The Department of Homeland Security is warning state election agencies that time is running out to ask the U.S. government for assistance in strengthening cybersecurity protections ahead of the elections on Nov. 8.
“There are only 29 days until election day, and it can take up to two weeks from the time we receive authorization to run the scans and identify vulnerabilities. It can then take at least an additional week for state and local election officials to mitigate any vulnerabilities on systems that we may find,” DHS Secretary Jeh Johnson said in a statement released Monday evening.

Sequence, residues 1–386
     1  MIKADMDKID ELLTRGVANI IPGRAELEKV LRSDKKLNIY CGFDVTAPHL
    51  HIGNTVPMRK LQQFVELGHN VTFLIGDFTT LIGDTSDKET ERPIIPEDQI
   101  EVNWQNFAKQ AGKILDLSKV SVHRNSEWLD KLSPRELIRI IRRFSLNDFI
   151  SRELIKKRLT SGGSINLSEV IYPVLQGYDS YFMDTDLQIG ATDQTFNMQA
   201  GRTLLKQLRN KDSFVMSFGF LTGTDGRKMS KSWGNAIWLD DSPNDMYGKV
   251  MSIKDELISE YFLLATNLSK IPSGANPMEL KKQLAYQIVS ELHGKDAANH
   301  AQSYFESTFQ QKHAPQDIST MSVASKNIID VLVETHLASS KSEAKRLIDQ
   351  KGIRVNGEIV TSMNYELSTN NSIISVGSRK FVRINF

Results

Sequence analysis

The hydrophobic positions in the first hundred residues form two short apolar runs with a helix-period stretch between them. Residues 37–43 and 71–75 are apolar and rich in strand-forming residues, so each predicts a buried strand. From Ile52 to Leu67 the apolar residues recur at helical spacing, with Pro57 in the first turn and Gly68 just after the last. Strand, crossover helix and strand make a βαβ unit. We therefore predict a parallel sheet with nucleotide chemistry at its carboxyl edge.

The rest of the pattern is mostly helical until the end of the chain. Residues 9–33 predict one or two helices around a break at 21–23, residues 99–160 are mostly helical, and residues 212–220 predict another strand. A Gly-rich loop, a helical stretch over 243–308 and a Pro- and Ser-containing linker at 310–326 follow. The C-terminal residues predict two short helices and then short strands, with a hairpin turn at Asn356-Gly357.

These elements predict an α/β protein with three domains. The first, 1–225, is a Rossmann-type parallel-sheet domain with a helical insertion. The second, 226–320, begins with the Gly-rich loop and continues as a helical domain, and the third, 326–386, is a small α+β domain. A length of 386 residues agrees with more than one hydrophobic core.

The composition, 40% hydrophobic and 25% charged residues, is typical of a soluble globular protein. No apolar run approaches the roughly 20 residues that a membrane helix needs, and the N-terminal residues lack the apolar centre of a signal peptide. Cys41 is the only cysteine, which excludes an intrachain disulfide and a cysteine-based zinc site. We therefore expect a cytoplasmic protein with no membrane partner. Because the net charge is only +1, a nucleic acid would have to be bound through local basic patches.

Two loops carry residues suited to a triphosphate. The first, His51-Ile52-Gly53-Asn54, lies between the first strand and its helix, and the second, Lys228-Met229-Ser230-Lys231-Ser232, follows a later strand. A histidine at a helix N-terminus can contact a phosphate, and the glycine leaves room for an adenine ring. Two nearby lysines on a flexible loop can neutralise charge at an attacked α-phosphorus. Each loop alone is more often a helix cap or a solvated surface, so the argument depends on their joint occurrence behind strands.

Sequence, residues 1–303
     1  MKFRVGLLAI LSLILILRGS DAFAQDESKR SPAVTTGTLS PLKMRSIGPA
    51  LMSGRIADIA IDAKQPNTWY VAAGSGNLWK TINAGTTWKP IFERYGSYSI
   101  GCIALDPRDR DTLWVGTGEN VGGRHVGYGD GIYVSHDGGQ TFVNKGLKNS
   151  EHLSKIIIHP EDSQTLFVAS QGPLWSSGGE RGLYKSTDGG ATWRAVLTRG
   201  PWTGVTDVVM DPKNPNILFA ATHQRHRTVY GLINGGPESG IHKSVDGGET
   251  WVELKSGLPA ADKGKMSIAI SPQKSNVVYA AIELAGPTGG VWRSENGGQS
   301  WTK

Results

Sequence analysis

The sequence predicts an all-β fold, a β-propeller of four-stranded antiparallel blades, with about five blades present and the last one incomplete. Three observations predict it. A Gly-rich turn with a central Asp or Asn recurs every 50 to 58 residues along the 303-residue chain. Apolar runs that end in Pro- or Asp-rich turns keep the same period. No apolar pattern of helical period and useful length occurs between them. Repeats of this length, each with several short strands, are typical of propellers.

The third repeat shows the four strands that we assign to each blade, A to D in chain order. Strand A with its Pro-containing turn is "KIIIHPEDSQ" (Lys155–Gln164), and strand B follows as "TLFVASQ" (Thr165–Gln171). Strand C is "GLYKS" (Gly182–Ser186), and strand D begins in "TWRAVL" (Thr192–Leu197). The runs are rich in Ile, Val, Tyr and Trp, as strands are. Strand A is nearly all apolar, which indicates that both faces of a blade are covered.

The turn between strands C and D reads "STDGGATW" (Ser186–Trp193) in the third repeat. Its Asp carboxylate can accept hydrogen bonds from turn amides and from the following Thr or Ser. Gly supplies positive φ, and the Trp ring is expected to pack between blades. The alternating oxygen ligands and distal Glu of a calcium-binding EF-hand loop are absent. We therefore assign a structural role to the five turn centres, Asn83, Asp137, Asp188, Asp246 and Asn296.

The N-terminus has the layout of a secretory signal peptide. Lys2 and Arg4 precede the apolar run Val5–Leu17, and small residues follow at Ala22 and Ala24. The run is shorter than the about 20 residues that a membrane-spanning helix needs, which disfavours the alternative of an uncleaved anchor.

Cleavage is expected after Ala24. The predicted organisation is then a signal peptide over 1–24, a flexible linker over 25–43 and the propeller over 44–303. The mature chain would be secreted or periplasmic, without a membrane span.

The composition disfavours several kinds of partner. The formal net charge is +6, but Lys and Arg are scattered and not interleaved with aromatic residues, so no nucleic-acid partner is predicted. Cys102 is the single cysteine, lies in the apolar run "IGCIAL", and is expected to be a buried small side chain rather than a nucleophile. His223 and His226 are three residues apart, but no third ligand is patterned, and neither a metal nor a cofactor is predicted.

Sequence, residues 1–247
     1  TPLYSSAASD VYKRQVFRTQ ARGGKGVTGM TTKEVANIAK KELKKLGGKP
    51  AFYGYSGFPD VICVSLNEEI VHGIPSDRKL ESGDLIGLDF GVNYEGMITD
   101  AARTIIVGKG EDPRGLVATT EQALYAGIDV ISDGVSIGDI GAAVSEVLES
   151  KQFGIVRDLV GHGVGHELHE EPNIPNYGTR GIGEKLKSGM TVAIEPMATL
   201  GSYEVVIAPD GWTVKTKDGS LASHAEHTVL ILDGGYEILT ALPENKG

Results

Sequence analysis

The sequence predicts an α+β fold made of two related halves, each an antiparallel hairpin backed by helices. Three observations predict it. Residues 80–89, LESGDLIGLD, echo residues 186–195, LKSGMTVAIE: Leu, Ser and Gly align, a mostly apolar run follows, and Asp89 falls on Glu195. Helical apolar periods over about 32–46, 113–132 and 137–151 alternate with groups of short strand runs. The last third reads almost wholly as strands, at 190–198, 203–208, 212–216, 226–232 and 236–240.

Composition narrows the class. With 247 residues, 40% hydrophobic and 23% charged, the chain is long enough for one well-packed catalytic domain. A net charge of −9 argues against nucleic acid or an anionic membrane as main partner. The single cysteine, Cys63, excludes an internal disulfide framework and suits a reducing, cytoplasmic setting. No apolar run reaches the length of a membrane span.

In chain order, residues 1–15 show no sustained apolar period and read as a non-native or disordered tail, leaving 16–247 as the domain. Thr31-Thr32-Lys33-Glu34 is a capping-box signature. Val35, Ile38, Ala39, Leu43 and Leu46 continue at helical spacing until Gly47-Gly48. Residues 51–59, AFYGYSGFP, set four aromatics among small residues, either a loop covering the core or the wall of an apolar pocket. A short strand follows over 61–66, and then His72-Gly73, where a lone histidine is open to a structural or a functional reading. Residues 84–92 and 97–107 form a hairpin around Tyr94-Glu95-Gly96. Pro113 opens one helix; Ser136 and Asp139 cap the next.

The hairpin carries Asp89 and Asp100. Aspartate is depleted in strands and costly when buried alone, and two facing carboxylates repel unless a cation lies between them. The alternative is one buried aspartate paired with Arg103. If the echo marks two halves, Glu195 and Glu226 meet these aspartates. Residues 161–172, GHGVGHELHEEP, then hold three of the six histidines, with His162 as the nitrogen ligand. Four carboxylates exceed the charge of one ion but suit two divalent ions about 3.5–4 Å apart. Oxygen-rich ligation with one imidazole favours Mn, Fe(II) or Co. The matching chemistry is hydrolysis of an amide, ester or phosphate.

DHS says that as of Monday, Oct. 10, 33 state and 11 county or local election agencies have come to the department for help in shoring up cyber defenses.
With the election less than a month away, DHS wants to secure voting registration systems to instill confidence among voters, especially after Yahoo News reported in August that the Federal Bureau of Investigation found evidence that hackers had breached the voter registration databases of Arizona and Illinois.
DHS is offering “cyber hygiene scans on internet-facing systems, as well as risk and vulnerability assessments,” Johnson said. “We can conduct cyber hygiene scans remotely and provide state and local election officials with a report identifying vulnerabilities and recommendations to improve online voter registration systems, election night reporting systems, and other internet-connected election systems,” he added.
In September, Johnson told states that their assistance would not override state and local control and ensured that DHS help would not “entail regulation.”